The sub’s beam is made of a specialized foam developed by Australian engineer Ron Allum. Formed by suspending hollow glass microspheres in an epoxy resin, the flotation material is designed to survive the intense pressure of the Mariana Trench, which compressed the 24-foot beam about two inches during the descent.
The 43-inch-wide pilot’s sphere, made of 2.5-inch-thick steel, was built to fit Cameron’s lanky six-foot-two-inch frame. Inside: oxygen tanks, thruster joysticks, a touch screen, an optical acrylic viewport, and three video monitors.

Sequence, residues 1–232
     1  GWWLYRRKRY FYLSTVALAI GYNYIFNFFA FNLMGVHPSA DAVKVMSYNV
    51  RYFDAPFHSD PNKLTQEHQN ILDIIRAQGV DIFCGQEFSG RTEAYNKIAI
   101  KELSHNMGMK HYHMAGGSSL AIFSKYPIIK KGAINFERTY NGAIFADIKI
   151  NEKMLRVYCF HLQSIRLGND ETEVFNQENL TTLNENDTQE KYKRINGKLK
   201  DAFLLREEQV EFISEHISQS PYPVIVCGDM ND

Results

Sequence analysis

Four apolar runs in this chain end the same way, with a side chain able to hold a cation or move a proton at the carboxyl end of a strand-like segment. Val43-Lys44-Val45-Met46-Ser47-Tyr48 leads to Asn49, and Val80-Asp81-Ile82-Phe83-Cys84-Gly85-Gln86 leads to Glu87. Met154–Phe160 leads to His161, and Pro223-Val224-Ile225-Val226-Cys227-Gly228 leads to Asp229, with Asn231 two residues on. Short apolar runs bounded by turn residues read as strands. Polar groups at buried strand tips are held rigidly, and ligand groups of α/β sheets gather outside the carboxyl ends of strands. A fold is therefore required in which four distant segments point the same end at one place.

Designers James Cameron and Ron Allum envisioned DEEPSEA CHALLENGER as a sleek underwater rocket ship to dive fast and ascend faster, allowing for more time to explore the deep seafloor.
Jacques Piccard and Lt. Don Walsh made the first descent of the Mariana Trench in 1960 in the U.S. Navy bathyscaph Trieste. Cameron’s solo dive took place some 23 miles from the site where Trieste reached the bottom.
Photos: Central Press/Getty Images (Bathyscaph); Ron Allum DEEPSEA Systems and University of Sydney (syntactic foam)